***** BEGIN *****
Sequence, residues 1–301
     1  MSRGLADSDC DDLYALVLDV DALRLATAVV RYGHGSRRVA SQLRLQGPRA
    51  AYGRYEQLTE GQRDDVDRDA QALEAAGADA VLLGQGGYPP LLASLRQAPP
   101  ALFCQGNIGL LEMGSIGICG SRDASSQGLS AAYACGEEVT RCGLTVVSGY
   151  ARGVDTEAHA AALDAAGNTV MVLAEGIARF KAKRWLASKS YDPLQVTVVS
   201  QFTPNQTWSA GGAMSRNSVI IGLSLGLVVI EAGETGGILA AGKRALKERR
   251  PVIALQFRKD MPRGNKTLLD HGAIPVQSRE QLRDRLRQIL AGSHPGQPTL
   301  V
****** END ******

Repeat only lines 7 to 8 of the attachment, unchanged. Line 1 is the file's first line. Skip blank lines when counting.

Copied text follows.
   251  PVIALQFRKD MPRGNKTLLD HGAIPVQSRE QLRDRLRQIL AGSHPGQPTL
   301  V